I don't know about you, but my fingers weren't built for combos. Put me in front of a fighting game or literally anything developed by Platinum and my hands turn into useless slabs of ham, just barely capable of feebly hammering the light attack button as I'm smashed to paste by my far more competent enemies.
Consider me nervous, then, about Phantom Hellcat, a third-person action adventure game that just got announced during Gamescom's Opening Night Live. The devs say they want to "bring hack-n-slash titles back to their roots" with a combat system based around chaining together combos and utilising your environment to take down rooms full of enemies. I'm doomed.
The story revolves around Jolene, the phantom-of-the-opera-with-a-sword figure you can see slashing and dashing in the trailer above. When Jolene mistakenly breaks the seal holding back all manner of otherworldly evil in a cursed theatre, demons emerge and kidnap her mother, forcing her to hack and slash her way through a series of haunted stageplays to save her family and—one has to imagine—the world.
The devs are keen to draw your attention to their level design, which they boast will transition seamlessly between 2D and 3D perspectives (the former for platforming and the latter for combat, if the trailer is anything to go by) and offer you different possibilities for smiting your enemies. You can knock enemies through walls, use props as weapons, and otherwise wreak havoc on your foes Sleeping-Dogs-style using the tools that are littered around your various arenas.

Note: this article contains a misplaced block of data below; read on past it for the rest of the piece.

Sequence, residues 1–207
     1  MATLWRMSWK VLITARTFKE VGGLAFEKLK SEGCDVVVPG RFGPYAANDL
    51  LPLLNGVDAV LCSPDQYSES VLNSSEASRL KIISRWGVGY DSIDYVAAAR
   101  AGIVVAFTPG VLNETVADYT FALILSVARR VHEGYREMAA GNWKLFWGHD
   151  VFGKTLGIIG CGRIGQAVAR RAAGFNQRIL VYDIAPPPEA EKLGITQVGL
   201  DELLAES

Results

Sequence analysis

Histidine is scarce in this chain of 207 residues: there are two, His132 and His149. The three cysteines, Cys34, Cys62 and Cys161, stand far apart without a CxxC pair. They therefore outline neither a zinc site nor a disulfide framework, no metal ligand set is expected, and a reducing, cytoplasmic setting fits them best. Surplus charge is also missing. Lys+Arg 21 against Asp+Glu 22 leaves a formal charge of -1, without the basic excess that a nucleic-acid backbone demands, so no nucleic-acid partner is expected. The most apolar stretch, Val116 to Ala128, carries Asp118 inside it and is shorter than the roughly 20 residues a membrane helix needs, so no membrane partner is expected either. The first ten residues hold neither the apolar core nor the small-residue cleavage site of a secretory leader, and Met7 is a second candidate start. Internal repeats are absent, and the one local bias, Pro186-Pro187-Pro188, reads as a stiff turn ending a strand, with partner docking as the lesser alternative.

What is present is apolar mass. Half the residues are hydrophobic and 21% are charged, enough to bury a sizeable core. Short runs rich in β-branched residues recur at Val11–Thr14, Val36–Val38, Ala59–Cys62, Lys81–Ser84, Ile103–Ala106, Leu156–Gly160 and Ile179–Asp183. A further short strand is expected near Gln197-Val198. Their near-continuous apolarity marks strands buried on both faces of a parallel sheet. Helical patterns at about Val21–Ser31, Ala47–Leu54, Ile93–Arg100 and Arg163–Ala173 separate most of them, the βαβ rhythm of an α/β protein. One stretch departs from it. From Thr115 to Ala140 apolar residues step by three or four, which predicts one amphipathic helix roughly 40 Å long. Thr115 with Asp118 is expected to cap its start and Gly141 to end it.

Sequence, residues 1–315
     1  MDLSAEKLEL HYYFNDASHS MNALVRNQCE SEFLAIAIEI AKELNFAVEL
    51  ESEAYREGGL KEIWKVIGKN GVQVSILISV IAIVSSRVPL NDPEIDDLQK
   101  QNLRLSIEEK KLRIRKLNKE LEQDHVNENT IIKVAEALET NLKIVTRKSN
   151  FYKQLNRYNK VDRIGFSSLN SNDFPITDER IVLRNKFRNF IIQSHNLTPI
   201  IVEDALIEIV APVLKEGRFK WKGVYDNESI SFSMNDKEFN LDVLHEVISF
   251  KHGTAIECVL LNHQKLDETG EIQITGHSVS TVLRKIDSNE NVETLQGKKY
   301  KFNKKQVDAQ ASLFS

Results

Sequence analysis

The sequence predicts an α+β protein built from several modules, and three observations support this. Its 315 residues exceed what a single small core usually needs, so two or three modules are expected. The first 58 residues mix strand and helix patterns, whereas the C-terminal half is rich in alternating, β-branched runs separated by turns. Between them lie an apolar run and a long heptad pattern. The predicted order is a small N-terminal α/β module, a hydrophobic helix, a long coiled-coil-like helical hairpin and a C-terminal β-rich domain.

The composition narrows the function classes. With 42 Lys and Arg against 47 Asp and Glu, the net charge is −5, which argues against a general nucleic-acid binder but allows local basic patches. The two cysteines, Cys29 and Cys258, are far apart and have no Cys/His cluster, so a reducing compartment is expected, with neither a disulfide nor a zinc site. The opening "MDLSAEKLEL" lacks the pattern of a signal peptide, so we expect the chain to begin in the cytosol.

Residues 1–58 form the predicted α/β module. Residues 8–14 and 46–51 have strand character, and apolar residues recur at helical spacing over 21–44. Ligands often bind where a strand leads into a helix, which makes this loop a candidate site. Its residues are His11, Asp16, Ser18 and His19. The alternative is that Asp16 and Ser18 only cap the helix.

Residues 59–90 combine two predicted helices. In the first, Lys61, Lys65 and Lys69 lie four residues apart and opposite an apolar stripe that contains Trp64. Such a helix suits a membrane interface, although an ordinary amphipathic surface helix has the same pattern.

Combat looks like it depends a lot on your ability to act quickly, dodging away from enemy blows and punishing them for their hubris with follow-up combos. As I've mentioned, I can't do this, but the devs say you can upgrade and mix up Jolene's abilities by switching out her masks. So long as there's a mask specifically designed for lumbering idiots, I'm golden.
The aesthetic is very Tim Burton. Everything has a Corpse Bride plasticine vibe to it from Jolene's glowy sword to her SPORTS brand Walkman, and combat proceeds in puffs of smoke and streaks of ichor. It's pretty—and the devs promise more levels beyond those featured in the trailer—but whenever I look at it I can't help but think of American McGee and I honestly cannot tell you if that's a bad thing or not.
Phantom Hellcat doesn't have a set release date yet, but you can find its fresh-baked Steam page right here.